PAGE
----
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Latitude: 55.7663 / 55°45'58"N
Longitude: -3.9596 / 3°57'34"W
OS Eastings: 277151
OS Northings: 654286
OS Grid: NS771542
Mapcode National: GBR 01SR.KS
Mapcode Global: WH4QY.4BRB
Plus Code: 9C7RQ28R+G5
Entry Name: Wishaw, Netherton, Kirkhill Road, Kirkhill House
Listing Date: 30 March 2001
Source: Historic Scotland
Source ID: 395409
Historic Scotland Designation Reference: LB47990
Building Class: Cultural
County: North Lanarkshire
Electoral Ward: Motherwell South East and Ravenscraig
Traditional County: Lanarkshire
Circa 1850. Single and 2-storey gabled cottage. Advanced gabled bay to left, crowstepped gables with obelisk finials. Coursed yellow sandstone. Projecting cills, stugged hoodmoulding to openings.
S (PRINCIPAL) ELEVATION: advanced gabled bay to left, window to ground, smaller window to gablehead, gabled entrance porch facing to right to right return, timber door with fanlight above; window to bay to right, dormer breaking eaves above.
N (REAR) ELEVATION: advanced gabled offices wing to right, abutting smaller advanced wing to left.
W (SIDE) ELEVATION: gable end, irregular fenestration.
E (SIDE) ELEVATION: gable end, single window to upper storey.
Modern double glazing, grey slates, coped stacks, cast-iron rainwater goods.
Was part of the vast Wishaw Estate belonging to Lord Belhaven and not related to Cambusnethan Priory. It is shown on the first edition OS map of 1859 as 'Kirkhill Cottage' and was probably the tenanted farmhouse overseeing the surrounding fruit orchards. At this point the house had a large orchard to the south, 'Kirkhill Orchard', and a track running east-west from the end of the drive linked to Ranald's Orchard and Carbarns Orchard, each orchard with its own labourers' cottages. The south facing slopes making the area ideal for fruit farming. The house was definitely not related to the churchyard, the path to which bounded the house to the north and west but did not connect to the driveway. The graveyard is shown on the 1859 map as being disused, the parish church having been moved to Cambusnethan village in 1650, two hundred years before the house was built.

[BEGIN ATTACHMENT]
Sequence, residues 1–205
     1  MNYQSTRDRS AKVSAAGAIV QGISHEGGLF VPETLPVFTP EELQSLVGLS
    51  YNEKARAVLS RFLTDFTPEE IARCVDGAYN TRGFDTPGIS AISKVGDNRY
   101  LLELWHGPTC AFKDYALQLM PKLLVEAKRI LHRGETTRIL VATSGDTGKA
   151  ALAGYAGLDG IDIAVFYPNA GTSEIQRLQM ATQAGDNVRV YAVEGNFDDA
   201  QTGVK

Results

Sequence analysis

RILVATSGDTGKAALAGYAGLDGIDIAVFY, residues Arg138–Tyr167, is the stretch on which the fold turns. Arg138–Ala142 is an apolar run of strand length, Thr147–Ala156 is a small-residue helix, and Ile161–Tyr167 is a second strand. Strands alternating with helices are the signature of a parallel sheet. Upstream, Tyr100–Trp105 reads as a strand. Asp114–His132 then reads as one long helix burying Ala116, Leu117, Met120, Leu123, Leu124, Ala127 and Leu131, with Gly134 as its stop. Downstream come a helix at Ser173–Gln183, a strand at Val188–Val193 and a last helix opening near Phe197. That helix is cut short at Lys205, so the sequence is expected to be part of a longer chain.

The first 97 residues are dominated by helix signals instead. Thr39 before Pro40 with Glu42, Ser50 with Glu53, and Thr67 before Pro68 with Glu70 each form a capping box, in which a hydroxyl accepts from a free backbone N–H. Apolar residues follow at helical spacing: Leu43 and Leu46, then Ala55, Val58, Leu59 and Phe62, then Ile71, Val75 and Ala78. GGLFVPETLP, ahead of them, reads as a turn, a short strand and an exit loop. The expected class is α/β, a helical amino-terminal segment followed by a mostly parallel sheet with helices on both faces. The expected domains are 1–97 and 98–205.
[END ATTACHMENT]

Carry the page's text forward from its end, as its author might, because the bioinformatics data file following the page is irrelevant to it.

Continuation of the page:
The house itself dates from around 1855, the same date as Wishaw House itself, and was probably designed by the studio of the Wishaw House architect, James Gillespie Graham, as part of the general estate improvements. Gillespie Graham was the leading Scottish architect of the time, famously responsible for Taymouth Castle, Perthshire and Moray Place and Royal Circus in the Edinburgh New Town. Very few of the estate buildings still survive. Wishaw House itself was blown up in 1952 but there is a former gatehouse of similar style to Kirkhill Cottage on the Glasgow Road in Craigneuk. Whilst the Coach House and Foresters Cottage can be found off Glen Road behind the golf course in Wishaw.
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